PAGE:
The world has lost tropical forest equivalent to the size of California over a 13-year period, environmental group World Wide Fund for Nature (WWF) said on Wednesday, calling for COVID-19 recovery plans to revitalise conservation efforts.
In a new report, WWF analysed 24 deforestation hotspots across Asia, Latin America and Africa, and found that more than 43 million hectares (106 million acres) of forest were cleared in those areas between 2004 and 2017.
Fran Raymond Price,the global forest practice lead at WWF International, said the COVID-19 pandemic had made the links between deforestation and human health clearer in the past year.
“Where you have greater deforestation and land-use change, you have the risk of new diseases being more likely,” Price told the Thomson Reuters Foundation.
The WWF report – which used the best-quality data available over the past 20 years – found deforestation was taking place at the fastest rates in the Brazilian Amazon and in a vast swath of the country’s tropical savanna called Cerrado, the Bolivian Amazon, Paraguay, Argentina, Madagascar, and Sumatra and Borneo islands in Indonesia and Malaysia.
Commercial agriculture is the leading cause of deforestation globally, particularly large-scale farming, with forested areas cleared for livestock grazing and crop cultivation, it said.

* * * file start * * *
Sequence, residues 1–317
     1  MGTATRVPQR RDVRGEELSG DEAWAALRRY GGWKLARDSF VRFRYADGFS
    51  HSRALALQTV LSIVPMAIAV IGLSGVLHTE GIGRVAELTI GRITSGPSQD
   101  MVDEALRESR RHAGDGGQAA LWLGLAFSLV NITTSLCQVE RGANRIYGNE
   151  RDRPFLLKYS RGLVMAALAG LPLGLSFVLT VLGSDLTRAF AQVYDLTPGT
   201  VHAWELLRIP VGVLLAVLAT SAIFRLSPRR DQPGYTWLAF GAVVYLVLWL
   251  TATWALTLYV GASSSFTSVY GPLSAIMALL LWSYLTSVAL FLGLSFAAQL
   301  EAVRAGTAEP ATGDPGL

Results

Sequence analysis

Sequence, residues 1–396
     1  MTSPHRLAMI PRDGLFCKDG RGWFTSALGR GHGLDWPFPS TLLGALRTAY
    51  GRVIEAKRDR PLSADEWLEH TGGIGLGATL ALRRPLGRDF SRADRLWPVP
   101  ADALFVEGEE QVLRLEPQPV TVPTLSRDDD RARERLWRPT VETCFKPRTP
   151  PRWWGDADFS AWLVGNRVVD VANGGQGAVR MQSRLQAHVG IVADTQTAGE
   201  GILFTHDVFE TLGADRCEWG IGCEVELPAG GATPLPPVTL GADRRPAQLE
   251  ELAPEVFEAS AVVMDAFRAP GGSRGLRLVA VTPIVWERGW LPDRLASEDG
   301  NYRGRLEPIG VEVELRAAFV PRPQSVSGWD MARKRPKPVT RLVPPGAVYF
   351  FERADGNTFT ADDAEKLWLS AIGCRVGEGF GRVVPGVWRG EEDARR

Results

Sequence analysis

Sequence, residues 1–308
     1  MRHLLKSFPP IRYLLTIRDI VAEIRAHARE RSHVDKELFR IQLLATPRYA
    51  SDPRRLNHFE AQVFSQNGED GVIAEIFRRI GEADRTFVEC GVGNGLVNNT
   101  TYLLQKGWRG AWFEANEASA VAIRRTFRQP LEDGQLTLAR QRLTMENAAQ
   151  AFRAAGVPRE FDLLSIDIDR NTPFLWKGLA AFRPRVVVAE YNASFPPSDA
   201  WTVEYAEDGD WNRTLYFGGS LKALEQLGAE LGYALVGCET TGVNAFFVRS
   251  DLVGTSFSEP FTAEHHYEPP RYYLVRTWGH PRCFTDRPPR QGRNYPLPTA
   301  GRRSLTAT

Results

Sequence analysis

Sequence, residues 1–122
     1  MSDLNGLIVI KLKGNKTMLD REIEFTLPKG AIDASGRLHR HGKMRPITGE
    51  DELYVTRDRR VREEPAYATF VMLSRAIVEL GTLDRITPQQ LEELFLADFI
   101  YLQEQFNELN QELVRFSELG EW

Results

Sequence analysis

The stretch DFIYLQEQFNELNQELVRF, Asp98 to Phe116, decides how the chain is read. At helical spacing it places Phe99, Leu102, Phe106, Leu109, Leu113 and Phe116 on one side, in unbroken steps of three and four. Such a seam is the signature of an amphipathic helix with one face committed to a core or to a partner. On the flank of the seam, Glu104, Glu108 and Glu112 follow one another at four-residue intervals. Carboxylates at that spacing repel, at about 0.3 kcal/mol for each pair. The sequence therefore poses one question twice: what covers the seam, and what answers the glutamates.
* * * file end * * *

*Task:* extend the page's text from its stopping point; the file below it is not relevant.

While subsistence farming was a driver in Africa, it noted, in Asia the expansion of plantations and commercial agriculture were key factors.
“It’s the way we produce and consume food that is at the heart of the challenge we face,” said Price, singling out beef production, soy and palm oil as the main culprits.
In all the hotspots, infrastructure development – including the expansion of roads and mining – also fuelled deforestation, WWF said.
Protection of the world’s forests is seen as vital to curbing global warming as they store planet-heating carbon and help regulate the climate through rainfall and temperature.
Forests covered about half the earth’s land area 8,000 years ago but only 30 percent is now forested, Price noted.
The COVID-19 pandemic, however, could serve as a trigger for greater action to safeguard forests, the report added.
“With this devastating pandemic, we also have the opportunity to build back better and really look at our relationship with nature and start to heal that relationship,” said Price.
The report urged people to play their part in combating deforestation by protecting nature where they live and avoiding products linked to deforestation by checking food labels.
Voters should also urge their leaders to champion policies aimed at halting deforestation and restoring forests, it added.
In addition, urgent action from governments, businesses and regulators was needed to secure land rights for Indigenous peoples and local communities, strengthen local control of forests and conserve biodiversity-rich areas, WWF said.
Measures should also be taken to ensure products sourced from forests are produced and traded legally, ethically and sustainably, to reform supply chains and to push more firms, lenders and investors to commit to zero deforestation, it added.
Other ways to curb deforestation, Price said, include reducing food waste, using degraded land to produce food, moving to ecological agriculture practices and focusing more on Indigenous and community-led conservation efforts.
“We need to transform our relationship with forests,” she added. “We are at a point where we are doing some soul-searching collectively … and now is the time.”